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DDoS attacks being used as a smoke screen
Wed, 6th May 2015
FYI, this story is more than a year old

Over the last ten years, DDoS attacks have possibly become the primary threat for every website or web application.

That's the word from Yariv Hazony, VP of product at cloud-based security solutions provider Sentrix.

The ultimate goal of DDoS attacks is to bring down sites by flooding them with fake requests, usually from multiple locations. The outcome of such attacks ranges from slow page loads to blocking legitimate traffic.

“Among the thousands of DDoS attacks that happen every day, you'll find attacks that last a number of days, as opposed to short-duration attacks that only take a few minutes for attackers to coordinate and launch at a time,” Hazony says. “These attacks are becoming much more commonplace, whether the goal is to take a site down or if they're used as a smokescreen to divert site owners' attention.

He explains, “We can see that short-duration attacks use large volumes of traffic in short, shotgun-like bursts. Attackers leverage these short-duration attacks to evaluate which companies and organisations are easiest to infiltrate.

“We assume that this also has to do with the availability of resources. These types of attacks are more likely to come from smaller, private groups that are shorter on resources, as opposed to criminal groups or countries which have access to unlimited resources and can therefore launch long-duration attacks from day-one,” says Hazony.

Hazony says when it comes to short-burst attacks, time is of the essence. “Attacks are likely to go under the radar and leave no time to respond,” he says. “Organisations managing multiple web domains must have the ability to centralise incoming data, preferably by working with the same security vendor across all their domains. “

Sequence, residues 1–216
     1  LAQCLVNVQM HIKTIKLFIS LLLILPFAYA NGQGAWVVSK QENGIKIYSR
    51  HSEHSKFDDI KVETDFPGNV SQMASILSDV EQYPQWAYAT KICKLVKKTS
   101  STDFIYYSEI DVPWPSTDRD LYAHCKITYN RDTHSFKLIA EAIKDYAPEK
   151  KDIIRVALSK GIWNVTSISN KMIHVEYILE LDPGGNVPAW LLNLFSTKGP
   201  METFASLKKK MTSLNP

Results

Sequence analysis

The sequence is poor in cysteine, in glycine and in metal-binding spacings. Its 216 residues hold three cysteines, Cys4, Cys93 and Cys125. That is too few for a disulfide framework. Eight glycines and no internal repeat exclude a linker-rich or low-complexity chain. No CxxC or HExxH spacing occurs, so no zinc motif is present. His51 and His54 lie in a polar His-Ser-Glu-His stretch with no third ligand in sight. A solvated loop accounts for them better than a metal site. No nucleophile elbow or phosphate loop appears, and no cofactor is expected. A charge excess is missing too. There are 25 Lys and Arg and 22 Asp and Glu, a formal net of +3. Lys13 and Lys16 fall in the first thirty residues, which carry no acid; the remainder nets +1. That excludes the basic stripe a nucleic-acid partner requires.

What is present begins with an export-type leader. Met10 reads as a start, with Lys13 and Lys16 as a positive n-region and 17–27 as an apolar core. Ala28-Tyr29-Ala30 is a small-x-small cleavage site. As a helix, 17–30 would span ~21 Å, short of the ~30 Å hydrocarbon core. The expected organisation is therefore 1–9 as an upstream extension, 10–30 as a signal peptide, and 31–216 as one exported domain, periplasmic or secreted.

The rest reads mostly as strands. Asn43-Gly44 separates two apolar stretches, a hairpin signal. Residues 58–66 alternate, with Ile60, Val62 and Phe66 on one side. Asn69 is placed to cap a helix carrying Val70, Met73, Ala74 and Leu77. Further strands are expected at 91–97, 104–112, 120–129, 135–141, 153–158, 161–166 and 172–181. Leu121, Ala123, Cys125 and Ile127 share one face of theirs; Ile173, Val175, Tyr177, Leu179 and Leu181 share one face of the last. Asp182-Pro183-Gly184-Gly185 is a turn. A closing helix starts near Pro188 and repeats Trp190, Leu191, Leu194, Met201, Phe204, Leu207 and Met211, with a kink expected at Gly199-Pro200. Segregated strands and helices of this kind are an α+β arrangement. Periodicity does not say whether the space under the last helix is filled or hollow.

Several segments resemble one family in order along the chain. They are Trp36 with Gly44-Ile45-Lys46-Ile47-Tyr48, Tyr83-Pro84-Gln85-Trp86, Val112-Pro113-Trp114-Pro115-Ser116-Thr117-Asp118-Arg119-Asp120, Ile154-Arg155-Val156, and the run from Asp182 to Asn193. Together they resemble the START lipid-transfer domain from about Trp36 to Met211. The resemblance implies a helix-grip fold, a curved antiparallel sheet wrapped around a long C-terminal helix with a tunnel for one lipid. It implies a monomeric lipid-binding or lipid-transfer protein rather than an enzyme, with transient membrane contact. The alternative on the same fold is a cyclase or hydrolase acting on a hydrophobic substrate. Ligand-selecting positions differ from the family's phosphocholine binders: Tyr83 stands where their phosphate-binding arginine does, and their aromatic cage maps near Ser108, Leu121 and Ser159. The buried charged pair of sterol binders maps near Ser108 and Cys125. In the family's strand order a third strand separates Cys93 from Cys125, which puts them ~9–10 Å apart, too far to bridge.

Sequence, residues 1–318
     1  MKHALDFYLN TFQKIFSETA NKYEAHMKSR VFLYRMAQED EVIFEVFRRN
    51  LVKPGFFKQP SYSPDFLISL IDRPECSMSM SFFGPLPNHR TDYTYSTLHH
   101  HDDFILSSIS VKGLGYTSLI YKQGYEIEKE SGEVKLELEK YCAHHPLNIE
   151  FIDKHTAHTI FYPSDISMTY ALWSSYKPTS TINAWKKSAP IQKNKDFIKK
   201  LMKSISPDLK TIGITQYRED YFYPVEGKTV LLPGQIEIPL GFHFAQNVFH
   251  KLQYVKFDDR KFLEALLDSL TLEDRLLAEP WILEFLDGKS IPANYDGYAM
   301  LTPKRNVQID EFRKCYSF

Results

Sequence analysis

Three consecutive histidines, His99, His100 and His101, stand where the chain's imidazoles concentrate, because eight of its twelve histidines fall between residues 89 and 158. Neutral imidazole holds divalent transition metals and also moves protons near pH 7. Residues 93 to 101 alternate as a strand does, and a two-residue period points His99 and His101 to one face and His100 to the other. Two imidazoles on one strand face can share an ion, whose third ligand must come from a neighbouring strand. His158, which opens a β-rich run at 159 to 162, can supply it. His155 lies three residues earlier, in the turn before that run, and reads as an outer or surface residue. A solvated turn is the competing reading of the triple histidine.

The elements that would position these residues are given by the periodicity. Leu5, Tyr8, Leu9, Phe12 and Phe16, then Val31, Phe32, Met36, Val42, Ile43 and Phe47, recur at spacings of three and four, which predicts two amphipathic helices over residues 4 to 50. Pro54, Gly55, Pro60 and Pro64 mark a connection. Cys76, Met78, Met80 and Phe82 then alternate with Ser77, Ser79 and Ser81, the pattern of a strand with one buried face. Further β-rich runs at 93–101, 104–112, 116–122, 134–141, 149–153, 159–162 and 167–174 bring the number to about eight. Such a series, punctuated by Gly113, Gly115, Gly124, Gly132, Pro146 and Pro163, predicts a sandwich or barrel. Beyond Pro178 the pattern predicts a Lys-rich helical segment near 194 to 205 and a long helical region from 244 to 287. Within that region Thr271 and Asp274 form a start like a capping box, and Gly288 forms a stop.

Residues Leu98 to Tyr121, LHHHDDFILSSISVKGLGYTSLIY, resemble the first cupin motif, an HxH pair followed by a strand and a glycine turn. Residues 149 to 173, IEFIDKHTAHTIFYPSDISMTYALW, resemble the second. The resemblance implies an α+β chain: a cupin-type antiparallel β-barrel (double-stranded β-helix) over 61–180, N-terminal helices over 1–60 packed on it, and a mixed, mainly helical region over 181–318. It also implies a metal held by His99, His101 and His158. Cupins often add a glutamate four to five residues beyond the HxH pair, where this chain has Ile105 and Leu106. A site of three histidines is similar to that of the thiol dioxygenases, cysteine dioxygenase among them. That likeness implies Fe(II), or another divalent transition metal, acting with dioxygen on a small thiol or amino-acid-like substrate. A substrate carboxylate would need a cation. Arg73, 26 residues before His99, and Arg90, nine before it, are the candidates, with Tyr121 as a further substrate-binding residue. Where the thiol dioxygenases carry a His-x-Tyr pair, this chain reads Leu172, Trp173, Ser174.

He says this enables them to predict attacks by analysing trends and patterns across their sites.

“Organisations should demand this capability from their security vendors, who should also be willing to use data from various customers in order to predict potential attacks on other customers,” says Hazony.

“We see a growing number of short duration attacks across our customer base. Awareness to this new pattern is key: customers typically assume that the attack is over, while this may actually be a sign for a much larger attack coming through.

In light of this new pattern, Hazony says using services and tools that can aggregate attack information across customers and websites is vital to predict and avoid the massive DDoS attacks about to come.

Yariv Hazony is VP Product at Sentrix, which provides protection against DDOS and other attacks against web applications.